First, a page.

The town's water supply is caught in the undercurrent as Black & Decker U.S. Inc. and the owners of the Roberts Field Shopping Center tryto iron out legal responsibility for possible water contamination.
Hampstead may have to stop pumping water out of two of its 12 working wells unless the shopping center agrees to allow two monitoring wells on its property.
The wells would be designed to detect any contamination from the nearby Black & Decker plant before it reaches drinking water supplies. The shopping center is on Route 30, between the factory and the town wells.
Black & Decker is developing a plan to clean contaminatedground water found on its property seven years ago. The contamination has been traced to industrial solvents, such as tetrachlorethane, which probably leaked from an underground storage tank, said Maryland Department of the Environment spokesman John Goheen.
Although the town wells are not contaminated now, the chemicals from Black & Decker could flow toward them, said Kenward McKinney, chief of the Water Appropriations Permits Section of the state Department of Natural Resources.
"We've been asked by the Department of Natural Resources toinstall two wells in the Roberts Field Business Center, and we want to," said Linda Biagioni, environmental affairs director for Black & Decker. "But the (owners of the center) are refusing us access to drill those wells."
Biagioni said Black & Decker is willing to sign an agreement to clean any contamination that shows up in the monitoring wells which can be directly attributed to contamination on the factory's property.
And that's pretty much what McGill Development Corp., the major partner in Roberts Field, wants, said Chairman Christopher Kurz. But the legal language hasn't been worked out, he said. Kurz also said he wants protection from Black & Decker in case the townever sues the center for water contamination from the factory, but Biagioni said such an agreement could be too sweeping.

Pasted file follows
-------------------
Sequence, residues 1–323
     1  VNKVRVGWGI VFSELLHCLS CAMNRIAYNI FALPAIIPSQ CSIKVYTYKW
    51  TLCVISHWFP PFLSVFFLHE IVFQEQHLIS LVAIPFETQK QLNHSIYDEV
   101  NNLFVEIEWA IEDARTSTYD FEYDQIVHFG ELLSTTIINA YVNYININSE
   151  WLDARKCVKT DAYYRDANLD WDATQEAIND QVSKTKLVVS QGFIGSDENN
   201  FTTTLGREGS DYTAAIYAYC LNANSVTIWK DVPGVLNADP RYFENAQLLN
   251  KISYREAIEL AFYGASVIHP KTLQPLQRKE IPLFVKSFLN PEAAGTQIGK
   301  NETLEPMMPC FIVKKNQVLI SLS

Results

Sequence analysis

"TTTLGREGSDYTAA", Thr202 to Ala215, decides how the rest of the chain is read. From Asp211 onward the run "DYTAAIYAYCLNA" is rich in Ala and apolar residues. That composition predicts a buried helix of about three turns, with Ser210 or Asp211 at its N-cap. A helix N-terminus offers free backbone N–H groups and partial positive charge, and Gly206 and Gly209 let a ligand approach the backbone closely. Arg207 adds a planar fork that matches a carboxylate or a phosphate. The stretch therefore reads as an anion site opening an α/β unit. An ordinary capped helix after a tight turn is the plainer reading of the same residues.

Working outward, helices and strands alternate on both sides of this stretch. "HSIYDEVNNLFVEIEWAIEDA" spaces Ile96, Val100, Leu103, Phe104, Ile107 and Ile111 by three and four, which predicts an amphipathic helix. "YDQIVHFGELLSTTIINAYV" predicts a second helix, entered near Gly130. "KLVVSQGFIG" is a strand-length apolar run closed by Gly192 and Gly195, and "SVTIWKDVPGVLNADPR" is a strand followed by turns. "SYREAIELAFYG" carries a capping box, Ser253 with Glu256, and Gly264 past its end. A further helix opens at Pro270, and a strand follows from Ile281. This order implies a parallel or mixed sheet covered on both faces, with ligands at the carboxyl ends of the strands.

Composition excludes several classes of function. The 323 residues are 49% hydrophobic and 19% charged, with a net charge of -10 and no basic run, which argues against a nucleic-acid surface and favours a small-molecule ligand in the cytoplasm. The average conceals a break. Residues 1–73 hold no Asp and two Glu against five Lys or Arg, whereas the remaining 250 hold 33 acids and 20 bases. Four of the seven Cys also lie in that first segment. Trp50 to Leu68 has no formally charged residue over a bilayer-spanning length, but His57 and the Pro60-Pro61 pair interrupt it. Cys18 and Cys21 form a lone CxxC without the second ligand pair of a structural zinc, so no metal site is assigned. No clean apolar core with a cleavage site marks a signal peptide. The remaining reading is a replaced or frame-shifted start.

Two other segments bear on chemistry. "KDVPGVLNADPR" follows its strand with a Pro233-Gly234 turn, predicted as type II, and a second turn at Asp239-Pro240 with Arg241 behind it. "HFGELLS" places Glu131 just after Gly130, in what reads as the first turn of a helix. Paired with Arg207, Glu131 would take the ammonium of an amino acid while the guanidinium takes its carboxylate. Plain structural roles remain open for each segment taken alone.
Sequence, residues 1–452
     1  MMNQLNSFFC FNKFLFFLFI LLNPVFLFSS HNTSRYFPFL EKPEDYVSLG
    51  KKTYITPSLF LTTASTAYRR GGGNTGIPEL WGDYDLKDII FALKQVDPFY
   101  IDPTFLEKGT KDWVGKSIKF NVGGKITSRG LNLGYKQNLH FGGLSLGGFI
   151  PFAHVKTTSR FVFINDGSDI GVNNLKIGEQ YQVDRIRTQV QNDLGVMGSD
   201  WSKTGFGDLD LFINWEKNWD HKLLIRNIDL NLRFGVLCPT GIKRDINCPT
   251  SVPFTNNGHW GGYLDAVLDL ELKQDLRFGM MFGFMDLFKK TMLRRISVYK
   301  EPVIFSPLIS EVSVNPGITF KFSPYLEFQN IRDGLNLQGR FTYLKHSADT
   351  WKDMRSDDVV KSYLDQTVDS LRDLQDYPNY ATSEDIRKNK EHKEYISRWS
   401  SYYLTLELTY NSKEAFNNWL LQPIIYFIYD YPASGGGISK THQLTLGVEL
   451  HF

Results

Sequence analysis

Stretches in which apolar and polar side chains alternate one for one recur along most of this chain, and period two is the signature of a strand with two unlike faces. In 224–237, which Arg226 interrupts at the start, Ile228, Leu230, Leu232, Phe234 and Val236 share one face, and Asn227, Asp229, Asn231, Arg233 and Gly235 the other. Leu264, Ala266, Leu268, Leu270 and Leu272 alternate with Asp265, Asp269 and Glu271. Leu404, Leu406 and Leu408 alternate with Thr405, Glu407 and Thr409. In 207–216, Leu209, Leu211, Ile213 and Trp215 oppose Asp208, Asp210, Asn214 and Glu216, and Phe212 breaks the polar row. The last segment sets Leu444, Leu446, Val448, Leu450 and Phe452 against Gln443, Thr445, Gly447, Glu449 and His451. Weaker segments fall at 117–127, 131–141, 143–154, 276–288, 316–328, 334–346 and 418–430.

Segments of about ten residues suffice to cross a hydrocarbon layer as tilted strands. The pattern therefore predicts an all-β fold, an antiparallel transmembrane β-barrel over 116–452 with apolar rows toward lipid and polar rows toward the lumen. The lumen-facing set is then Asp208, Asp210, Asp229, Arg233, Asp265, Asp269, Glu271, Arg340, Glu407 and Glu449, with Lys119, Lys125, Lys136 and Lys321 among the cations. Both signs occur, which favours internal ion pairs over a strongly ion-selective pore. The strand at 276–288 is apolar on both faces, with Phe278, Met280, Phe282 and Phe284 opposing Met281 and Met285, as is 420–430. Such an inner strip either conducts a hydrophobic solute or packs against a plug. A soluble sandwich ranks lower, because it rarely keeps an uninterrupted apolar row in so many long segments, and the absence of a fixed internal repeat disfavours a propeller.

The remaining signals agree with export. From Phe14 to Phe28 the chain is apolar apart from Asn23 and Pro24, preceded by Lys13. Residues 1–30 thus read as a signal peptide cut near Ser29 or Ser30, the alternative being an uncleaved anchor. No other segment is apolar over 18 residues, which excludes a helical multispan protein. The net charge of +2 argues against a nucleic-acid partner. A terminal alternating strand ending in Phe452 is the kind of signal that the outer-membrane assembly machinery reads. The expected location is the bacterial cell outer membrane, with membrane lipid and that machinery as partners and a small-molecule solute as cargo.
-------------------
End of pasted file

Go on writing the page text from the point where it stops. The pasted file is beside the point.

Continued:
"We'd like to be in cooperation, but we have to make sure we don't jeopardize ourinvestment or put ourselves at risk for something we're not responsible for," Kurz said.
At Town Manager John A. Riley's suggestion, Black & Decker's lawyer is drawing up an agreement for review by McGill's lawyer, and they'll go from there, Kurz said.
Hampstead doesn't rely greatly on the wells and pumps only about 14,000 gallons a dayfrom them, but they're needed for any future growth in the Roberts Field area, Riley said.
If the town can't use the wells, it must say no to new businesses there and reduce the number of homes allowed in the nearby residential development, Riley said.
He said forcing McGill to allow the wells -- if there is a way to do it -- would require the time and expense of litigation.
"The best way is to work it out with all the parties involved," Riley
Kurz, who haseight more stores negotiating to lease space in the new center, agreed that McGill has an interest in keeping the town wells in use.
Black & Decker and the MDE are close to finalizing a plan to start thecleanup this summer, but the process could take years, McKinney said.
He said he will require setting up the two monitoring wells if the town is to continue using its wells near Roberts Field.
But even then, McKinney said he would approve use of only one of the town wells, using the one closest to the contamination as another monitoringwell. Having only one, or even two monitoring wells may not detect contaminants, McKinney said.
"If you err, you want to err on the side of caution," he said.